complain that he was deceived by the appellee into marrying her.

Appellant also puts in issue the lower court's appreciation of the letters allegedly written by him to the
appellee. During his cross-examination, when confronted with thirteen (13) letters, appellant identified
the seven (7) letters that he sent to the appellee, but denied the remaining six (6) x x x. The letters
admitted by the appellant contained expressions of love and concern for his wife, and hardly the rantings
of a man under duress. During the re-direct examination, however, appellant suddenly changed mind and
denied authorship of those seven (7) letters, claiming that he was forced to admit them because he was
threatened with harm by the appellee. If he was laboring under duress when he made the admission,
where did he find the temerity to deny his involvement with the remaining six (6) letters? The recantation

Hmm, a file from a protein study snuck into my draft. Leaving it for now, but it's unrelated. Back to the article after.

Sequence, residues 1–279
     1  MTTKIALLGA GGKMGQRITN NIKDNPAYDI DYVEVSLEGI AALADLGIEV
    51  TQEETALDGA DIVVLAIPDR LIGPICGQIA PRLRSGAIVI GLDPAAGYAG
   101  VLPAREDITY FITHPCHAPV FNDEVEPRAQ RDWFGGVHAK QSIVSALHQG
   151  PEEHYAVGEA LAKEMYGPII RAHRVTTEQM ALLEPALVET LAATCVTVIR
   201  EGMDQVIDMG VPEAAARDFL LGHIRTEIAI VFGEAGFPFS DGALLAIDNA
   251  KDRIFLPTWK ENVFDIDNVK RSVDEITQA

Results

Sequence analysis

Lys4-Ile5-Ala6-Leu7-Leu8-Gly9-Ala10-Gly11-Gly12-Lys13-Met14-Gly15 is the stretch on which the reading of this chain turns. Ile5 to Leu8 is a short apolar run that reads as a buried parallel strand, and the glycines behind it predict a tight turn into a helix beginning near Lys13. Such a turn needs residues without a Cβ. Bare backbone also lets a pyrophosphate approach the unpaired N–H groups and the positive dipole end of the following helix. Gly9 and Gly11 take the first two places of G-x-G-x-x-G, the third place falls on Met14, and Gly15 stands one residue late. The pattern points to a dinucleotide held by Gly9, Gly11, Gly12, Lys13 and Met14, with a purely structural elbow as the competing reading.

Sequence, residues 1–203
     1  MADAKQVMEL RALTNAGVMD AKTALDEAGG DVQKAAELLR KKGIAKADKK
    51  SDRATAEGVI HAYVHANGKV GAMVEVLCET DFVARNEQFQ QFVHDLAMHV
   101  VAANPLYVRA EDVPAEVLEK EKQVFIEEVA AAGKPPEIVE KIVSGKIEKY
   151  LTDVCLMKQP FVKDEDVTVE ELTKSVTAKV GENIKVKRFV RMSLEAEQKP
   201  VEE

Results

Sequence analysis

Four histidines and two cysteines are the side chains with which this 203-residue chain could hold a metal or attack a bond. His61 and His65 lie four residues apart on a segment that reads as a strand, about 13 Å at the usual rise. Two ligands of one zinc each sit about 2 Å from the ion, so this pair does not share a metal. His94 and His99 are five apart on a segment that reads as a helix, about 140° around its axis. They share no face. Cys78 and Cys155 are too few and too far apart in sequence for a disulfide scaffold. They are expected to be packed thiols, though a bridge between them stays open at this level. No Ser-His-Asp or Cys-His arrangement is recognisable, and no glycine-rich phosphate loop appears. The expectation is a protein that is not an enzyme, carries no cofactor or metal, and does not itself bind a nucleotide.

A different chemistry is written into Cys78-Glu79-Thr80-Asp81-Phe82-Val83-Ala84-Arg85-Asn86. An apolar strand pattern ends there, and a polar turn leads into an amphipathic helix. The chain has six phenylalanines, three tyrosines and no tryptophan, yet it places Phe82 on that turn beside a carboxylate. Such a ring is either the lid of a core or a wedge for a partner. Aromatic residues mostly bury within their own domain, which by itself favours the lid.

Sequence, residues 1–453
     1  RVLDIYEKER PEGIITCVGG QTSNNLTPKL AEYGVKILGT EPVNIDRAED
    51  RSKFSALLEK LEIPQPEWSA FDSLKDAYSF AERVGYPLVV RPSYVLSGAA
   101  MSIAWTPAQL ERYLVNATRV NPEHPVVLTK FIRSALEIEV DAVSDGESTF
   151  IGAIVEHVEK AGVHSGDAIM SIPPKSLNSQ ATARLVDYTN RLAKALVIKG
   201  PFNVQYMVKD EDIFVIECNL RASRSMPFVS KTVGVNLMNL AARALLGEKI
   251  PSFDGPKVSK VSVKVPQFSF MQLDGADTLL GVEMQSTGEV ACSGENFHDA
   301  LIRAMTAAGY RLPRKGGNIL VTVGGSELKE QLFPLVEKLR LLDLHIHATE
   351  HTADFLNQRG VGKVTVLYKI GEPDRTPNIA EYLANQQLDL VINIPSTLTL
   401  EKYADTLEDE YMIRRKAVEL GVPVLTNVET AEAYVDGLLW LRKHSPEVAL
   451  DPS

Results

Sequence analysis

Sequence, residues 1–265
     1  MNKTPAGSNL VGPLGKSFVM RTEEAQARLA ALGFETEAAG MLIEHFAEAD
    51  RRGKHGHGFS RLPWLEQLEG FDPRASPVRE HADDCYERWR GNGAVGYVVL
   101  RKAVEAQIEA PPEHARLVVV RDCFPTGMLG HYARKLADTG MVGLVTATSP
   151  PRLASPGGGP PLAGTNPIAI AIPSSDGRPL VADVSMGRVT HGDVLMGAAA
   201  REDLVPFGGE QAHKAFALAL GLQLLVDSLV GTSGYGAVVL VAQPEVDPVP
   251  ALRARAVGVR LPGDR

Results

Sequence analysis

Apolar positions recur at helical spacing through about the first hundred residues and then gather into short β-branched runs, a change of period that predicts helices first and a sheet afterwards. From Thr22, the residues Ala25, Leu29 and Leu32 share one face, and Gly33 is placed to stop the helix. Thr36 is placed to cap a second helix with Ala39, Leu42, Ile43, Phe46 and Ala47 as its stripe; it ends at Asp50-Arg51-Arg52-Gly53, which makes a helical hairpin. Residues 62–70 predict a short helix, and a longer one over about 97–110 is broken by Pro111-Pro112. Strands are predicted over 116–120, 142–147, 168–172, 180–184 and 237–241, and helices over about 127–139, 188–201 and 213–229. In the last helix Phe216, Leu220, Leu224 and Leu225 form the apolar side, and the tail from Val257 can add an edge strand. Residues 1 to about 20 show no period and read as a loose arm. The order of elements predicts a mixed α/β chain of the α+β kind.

can only be motivated by a hindsight realization by the appellant of the evidentiary weight of those letters
against his case.

As to the second assignment of error, appellant cannot claim that his marriage should be annulled due to
the absence of cohabitation between him and his wife. Lack of cohabitation is, per se, not a ground to
annul a marriage. Otherwise, the validity of a marriage will depend upon the will of the spouses who can
terminate the marital union by refusing to cohabitate. The failure to cohabit becomes relevant only if it
arises as a result of the perpetration of any of the grounds for annulling the marriage, such as lack of
parental consent, insanity, fraud, intimidation, or undue influence x x x. Since the appellant failed to
justify his failure to cohabit with the appellee on any of those grounds, the validity of his marriage must
be upheld.9

We also agree that private respondent is entitled to attorney's fees. Article 2208 (11) of the Civil Code
provides that attorney's may be awarded where the court deems it just and equitable under the
circumstances, as in the instant case.